Thousands of friends and family members packed Killian Court today for MIT’s 146th Commencement exercises. Many brought umbrellas in case of rain, only to use them as shade from the warm sun — a welcome guest after a week of wet weather in the Boston area. As their guests steadily filled Killian Court, graduates crowded into Rockwell Cage, a celebratory mood filling the air.
As they found their places in line, soon-to-be graduates posed for pictures and made last-minute adjustments to caps and gowns. Christopher Brathwaite, about to graduate with an SB in materials science and engineering, was hard at work affixing a handmade hat to his mortarboard.
“This hat got me an A,” Brathwaite said. The graduating senior had taken an MIT course in costume design, fashioning an Easter Sunday hat from gold and silver foil and other found objects. In addition to working with materials in the lab, he says, he had the opportunity at MIT to explore other interests outside his major. “It’s where one finds talents,” Brathwaite said.
In some cases, hidden talent may be what ultimately bonds students together. Reminiscing about some of their favorite moments at MIT, graduates of the master’s program in city planning recalled taking a break from design to organize a talent show for their department. “There were all these latent talents that none of us had gotten to see or experience from each other,” graduate Stephen Kennedy said. “We knew we had certain proclivities for planning, or different interests related to our major, but to see everyone perform was really exciting.”
Kennedy and other city planning graduates fashioned handmade cityscapes to their mortarboards, complete with cardboard buildings, plastic shrubbery and construction-paper waterfronts — a whimsical way to showcase their academic skills.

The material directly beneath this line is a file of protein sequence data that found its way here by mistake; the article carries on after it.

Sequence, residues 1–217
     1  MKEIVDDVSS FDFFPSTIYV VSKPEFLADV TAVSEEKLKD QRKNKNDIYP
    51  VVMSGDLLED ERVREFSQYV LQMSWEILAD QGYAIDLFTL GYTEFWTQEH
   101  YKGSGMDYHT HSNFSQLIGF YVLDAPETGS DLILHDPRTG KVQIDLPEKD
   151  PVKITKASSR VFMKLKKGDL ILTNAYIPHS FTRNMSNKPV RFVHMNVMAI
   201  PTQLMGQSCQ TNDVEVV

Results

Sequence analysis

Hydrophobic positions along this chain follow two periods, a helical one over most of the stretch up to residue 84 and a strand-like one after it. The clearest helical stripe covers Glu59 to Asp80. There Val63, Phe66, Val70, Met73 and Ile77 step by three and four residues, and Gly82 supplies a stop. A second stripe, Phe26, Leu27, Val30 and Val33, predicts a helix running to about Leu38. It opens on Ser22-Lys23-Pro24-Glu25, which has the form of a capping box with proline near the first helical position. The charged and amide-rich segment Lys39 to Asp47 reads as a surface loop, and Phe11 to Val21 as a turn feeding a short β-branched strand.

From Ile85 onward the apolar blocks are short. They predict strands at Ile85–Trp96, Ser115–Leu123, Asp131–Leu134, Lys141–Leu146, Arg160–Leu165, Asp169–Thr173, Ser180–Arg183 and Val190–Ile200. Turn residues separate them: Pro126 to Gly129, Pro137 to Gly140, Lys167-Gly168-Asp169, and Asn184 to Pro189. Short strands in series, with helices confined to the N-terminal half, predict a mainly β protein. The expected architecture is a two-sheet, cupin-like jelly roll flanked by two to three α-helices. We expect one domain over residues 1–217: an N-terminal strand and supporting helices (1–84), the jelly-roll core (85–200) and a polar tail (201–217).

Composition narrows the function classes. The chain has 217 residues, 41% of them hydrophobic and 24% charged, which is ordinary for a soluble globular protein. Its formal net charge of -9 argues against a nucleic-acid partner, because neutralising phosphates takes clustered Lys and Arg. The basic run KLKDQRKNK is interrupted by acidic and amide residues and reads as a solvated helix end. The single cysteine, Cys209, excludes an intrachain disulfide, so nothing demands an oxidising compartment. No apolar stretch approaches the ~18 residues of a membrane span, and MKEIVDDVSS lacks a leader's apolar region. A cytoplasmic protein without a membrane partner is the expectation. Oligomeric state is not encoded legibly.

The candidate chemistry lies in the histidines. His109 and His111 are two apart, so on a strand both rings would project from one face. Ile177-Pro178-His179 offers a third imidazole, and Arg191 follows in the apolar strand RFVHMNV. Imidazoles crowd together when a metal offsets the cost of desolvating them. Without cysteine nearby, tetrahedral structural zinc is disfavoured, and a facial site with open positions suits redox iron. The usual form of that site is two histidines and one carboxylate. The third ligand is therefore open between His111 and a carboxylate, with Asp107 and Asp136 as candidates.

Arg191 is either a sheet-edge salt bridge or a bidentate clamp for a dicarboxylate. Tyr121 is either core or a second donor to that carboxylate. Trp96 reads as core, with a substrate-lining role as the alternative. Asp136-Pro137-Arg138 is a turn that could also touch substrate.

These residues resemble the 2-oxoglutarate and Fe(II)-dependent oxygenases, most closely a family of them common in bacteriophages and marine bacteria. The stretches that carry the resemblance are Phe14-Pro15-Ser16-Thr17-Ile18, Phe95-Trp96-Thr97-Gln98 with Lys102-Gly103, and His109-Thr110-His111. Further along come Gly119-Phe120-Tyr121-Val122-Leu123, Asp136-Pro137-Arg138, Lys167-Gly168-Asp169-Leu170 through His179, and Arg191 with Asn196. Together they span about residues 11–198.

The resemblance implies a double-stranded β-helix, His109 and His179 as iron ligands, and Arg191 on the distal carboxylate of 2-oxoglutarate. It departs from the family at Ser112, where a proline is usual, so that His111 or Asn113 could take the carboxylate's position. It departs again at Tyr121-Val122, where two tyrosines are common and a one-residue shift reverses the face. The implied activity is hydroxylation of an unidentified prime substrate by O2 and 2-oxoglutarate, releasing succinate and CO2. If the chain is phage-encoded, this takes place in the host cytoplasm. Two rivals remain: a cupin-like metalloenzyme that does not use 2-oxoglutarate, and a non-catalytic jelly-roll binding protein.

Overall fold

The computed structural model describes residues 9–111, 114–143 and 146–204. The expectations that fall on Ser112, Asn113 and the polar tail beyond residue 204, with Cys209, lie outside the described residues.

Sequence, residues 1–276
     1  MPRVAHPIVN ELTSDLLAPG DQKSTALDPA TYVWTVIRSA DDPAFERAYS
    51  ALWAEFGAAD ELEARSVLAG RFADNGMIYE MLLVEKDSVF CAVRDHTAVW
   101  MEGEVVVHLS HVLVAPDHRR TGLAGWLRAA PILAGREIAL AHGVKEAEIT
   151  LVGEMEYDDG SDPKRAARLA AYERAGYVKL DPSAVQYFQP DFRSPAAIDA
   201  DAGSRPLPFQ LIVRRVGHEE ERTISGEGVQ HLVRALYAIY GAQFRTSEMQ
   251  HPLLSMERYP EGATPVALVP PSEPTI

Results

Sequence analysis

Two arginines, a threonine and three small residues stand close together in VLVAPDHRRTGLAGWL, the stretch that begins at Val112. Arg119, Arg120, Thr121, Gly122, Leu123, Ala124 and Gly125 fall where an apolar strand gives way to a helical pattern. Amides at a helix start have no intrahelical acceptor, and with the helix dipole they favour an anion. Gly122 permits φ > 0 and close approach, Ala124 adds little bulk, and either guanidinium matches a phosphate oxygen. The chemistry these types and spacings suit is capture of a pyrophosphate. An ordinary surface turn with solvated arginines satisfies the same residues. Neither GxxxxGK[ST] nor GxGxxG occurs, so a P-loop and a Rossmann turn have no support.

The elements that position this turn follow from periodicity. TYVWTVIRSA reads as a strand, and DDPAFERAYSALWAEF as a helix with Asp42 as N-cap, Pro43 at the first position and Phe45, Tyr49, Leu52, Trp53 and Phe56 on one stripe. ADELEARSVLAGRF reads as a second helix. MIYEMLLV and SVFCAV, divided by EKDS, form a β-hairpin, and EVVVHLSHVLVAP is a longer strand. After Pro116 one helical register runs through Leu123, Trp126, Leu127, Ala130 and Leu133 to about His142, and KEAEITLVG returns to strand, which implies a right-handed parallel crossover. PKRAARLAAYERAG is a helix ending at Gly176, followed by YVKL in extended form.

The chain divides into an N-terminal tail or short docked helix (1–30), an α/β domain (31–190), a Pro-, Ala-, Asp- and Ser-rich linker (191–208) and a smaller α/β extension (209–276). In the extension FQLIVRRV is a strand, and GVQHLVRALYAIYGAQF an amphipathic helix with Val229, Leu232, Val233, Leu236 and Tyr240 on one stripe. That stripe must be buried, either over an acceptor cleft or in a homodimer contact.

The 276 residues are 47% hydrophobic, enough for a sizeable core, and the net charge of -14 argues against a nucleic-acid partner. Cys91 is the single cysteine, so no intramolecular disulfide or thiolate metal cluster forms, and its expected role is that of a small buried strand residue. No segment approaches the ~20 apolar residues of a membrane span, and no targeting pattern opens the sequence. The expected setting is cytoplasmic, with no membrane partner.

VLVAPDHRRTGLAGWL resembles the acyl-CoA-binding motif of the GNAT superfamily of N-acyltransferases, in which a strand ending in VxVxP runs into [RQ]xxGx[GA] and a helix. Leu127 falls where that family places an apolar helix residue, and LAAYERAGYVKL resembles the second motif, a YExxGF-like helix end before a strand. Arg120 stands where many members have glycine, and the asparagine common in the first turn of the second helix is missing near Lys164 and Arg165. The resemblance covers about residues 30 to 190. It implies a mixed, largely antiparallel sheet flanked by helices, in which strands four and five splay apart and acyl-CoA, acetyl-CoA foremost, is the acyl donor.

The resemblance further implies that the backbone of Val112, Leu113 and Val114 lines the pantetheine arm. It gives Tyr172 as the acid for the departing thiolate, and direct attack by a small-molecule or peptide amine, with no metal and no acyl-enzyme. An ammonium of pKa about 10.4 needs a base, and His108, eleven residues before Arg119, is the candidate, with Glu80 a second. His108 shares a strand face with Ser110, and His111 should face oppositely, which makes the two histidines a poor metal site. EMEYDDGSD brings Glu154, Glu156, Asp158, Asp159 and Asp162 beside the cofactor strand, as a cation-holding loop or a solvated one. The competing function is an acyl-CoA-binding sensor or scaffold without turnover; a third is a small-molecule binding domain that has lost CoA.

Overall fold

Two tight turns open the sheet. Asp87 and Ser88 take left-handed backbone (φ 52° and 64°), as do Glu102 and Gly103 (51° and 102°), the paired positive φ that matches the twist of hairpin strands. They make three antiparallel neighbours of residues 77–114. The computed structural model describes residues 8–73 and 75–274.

While many graduates festooned their regalia as a nod to their majors or departments, others sported mementos of their time at MIT. Qiaochu Yuan, who graduated with an SB in mathematics, taped a Burger King crown atop his mortarboard — a token with personal meaning for the graduate. “I have this friend, and one time we were both feeling kind of down, and decided we would cheer ourselves up by going to Burger King and getting crowns,” Yuan recalled. “Every time we needed some cheering up, we’d start wearing the crowns. Now I’m wearing this in solidarity.”
‘Incredibly proud’ parents
Indeed, making it through MIT is no small feat, as the thousands of families and friends who gathered in Killian Court know.
Theresa Rose came from Cincinnati with her family to watch her daughter, Kate Geyer, receive her undergraduate degree in physics. Geyer, Rose says, has always been a math and science lover, and had her sights set on MIT — an experience that was both rewarding and challenging.
“How do you tell kids coming in to expect it to be really hard, and not to worry about it?” Rose said. “I think they come in being the top of their high schools, from smaller towns across the world, and they have no idea that the curve looks different. It’s not easy, and I’m incredibly proud.”
Of course, being at the top of their respective classes may give students at MIT some common ground, particularly in their first days on campus. Xiping Murphy came to watch her daughter, Katelyn Gao, receive dual degrees in mathematics and economics. Murphy, who herself graduated at the top of her class in China, says when it came time for her daughter to choose a college, the choice was easy.
“She loves it here,” Murphy said. “We visited everywhere, and she said, ‘I fit in at MIT because I’m a nerd, and here are more nerds than anywhere else!’”